When you’re away from home, small things play large. Some of you will recognize my feelings about fruit. Yes, fruit. I like my apples crisp, won’t eat them if they are soft. Plums are unpredictable; I avoid them. In my world, bananas have a very narrow shelf life: I wont’ eat them if they are too soft and spotty. In China, most bananas are sold well past their prime. Imagine my excitement then, when Geoff came home with a bunch of green bananas! Apparently the shop keeper thought he was quite mad in choosing them and tried to call him off the purchase. I ate two today, I’m so happy. It’s been awhile.
It’s strange but we’re eating things here we would never eat at home. Ramen noodles come to mind. We know they are full of fat and have very little nutritive value, but every week we doctor up a package with veggies and a bit of meat and call it dinner. As I write this, I’m eating hors d’oerves of tomato-flavoured potato chips. Last night it was shrimp flavour. When do I ever eat chips? Never is when.
To mix metaphors, and change the subject, the pace of play at school is not what I am used to. For example, I cannot imagine starting a school year without a school calendar. Here, the calendar is generated for half the year at a time and the holiday times for school children and staff is set by local government, which is also true in BC except that anyone can go on the net and see all the important province-wide dates for the next 5 years. Here, each province is different. Again, not so different from Canada except that our province here is only 60 miles away from Shanghai but has different dates for school start-up and holidays. In the first few weeks we got the schedule for the first half of the year, which had the start of the winter holiday but not the end. We got the end date yesterday but it had changed again today; I advised staff members to let friends know when to book flights for visits.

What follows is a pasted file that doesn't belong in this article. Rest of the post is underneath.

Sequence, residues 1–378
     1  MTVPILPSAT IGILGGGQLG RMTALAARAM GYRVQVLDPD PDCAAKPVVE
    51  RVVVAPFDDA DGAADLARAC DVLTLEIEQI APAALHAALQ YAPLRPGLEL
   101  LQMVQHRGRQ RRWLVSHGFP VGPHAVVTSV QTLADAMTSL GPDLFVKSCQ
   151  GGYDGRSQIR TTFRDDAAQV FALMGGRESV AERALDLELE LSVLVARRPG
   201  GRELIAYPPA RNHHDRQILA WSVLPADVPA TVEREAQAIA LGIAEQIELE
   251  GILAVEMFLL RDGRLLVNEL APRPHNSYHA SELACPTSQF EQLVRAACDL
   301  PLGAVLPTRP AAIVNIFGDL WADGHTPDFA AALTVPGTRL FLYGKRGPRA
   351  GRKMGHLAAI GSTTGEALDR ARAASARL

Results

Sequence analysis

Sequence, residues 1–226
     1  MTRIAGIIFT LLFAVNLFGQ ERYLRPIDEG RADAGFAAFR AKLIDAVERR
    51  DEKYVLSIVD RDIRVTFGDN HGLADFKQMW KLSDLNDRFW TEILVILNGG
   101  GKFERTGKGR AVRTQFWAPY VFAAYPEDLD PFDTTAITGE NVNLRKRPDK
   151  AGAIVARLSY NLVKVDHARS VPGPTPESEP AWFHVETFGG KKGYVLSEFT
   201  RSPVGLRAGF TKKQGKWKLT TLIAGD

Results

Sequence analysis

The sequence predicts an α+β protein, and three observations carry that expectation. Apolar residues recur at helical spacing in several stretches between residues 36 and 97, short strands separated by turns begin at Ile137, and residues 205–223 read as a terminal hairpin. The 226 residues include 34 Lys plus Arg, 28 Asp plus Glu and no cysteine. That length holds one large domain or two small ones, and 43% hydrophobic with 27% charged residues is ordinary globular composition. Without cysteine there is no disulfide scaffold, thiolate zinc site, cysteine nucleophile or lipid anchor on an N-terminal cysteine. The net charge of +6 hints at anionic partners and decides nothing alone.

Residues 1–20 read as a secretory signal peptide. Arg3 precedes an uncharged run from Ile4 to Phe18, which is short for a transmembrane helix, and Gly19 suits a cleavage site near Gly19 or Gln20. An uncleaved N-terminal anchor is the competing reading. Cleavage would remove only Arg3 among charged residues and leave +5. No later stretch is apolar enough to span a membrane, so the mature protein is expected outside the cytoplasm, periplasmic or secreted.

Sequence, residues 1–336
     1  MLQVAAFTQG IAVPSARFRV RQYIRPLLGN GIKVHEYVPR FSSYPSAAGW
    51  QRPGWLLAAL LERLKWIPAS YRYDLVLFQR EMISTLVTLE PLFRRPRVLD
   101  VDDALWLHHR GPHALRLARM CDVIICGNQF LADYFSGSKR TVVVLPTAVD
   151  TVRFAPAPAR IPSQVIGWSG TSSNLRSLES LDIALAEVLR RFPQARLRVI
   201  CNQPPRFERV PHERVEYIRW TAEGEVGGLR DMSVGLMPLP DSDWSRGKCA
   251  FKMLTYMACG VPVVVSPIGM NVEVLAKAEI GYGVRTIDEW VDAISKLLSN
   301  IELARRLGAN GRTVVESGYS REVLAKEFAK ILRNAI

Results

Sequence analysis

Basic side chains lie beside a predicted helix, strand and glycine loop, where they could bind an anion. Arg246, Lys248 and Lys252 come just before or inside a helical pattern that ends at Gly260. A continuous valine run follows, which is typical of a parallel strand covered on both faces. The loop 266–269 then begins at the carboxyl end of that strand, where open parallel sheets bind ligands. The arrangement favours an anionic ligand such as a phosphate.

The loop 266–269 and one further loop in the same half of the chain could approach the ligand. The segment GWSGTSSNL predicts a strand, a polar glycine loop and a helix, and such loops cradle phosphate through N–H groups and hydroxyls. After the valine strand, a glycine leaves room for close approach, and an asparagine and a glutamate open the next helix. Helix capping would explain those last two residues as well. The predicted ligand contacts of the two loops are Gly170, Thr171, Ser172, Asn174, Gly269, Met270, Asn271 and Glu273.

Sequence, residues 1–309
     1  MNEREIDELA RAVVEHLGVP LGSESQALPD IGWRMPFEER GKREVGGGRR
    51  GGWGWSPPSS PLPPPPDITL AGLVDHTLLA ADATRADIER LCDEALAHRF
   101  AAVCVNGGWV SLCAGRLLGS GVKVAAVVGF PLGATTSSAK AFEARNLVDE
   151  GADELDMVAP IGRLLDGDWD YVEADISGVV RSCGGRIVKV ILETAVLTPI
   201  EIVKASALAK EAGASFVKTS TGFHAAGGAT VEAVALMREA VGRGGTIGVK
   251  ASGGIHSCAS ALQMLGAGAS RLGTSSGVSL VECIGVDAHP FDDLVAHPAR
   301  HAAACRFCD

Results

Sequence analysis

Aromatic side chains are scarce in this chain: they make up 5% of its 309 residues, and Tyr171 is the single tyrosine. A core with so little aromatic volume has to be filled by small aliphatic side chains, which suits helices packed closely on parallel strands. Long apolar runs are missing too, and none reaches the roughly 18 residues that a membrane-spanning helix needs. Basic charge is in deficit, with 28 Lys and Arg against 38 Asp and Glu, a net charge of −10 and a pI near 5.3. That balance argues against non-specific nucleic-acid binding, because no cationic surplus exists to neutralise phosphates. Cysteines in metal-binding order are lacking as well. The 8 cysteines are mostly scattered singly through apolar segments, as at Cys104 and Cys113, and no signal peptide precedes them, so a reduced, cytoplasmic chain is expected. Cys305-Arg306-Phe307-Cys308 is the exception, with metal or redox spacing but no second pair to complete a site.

We met the parents this afternoon, which was fun. Even in the first few weeks of grade 10 they are focused on marks needed for university entrance at some “famous universities.” Might I say they are way more focused than their grade 10 students! We have our work cut out for us as the students do not have a good grasp of English and all of us, teachers and students, will have to work hard to achieve fluency–the main goal of our program; that, and getting in to North American universities. I’ve checked the costs for International students and it is very dear. Not sure if our families can afford them but this much is clear, the parents and this school want very much for the kids to have a broader experience and foundation of knowledge which they trust will help them to be globally aware citizens.
I have only begun to process the time things take to happen and am glad this has happened early on in our stay. We have a lot of lead time right now, so if I can anticipate most things, I should be able to manage. It will be only the surprises that cause stress. We have learned quite a bit about how things work and that decisions may change many times before they are settled. That in itself will prevent surprise.
Tomorrow after school is a teachers’ basketball game. Basketball is hugely popular here, so we’ve heard, so it’s bound to be loud! Just like every Canadian school I’ve ever been in! Looking forward to it.
- One thing I have noticed here is how much the Chinese people are alike to our southern neighbours. They are a very patriotic nation and view the world with much the same perspective in terms of their role in the world community. Their awareness of others is also very similar. Very interesting.
- Today I went back to do more Walmart shopping – but on the way saw a woman locking up her scooter. Her small child was with her. How would you like this as the car seat for your grand-daughter? Although I didn’t see it in action, I would assume (after seeing other mothers on scooters) that it would sit on the seat behind her while she drives.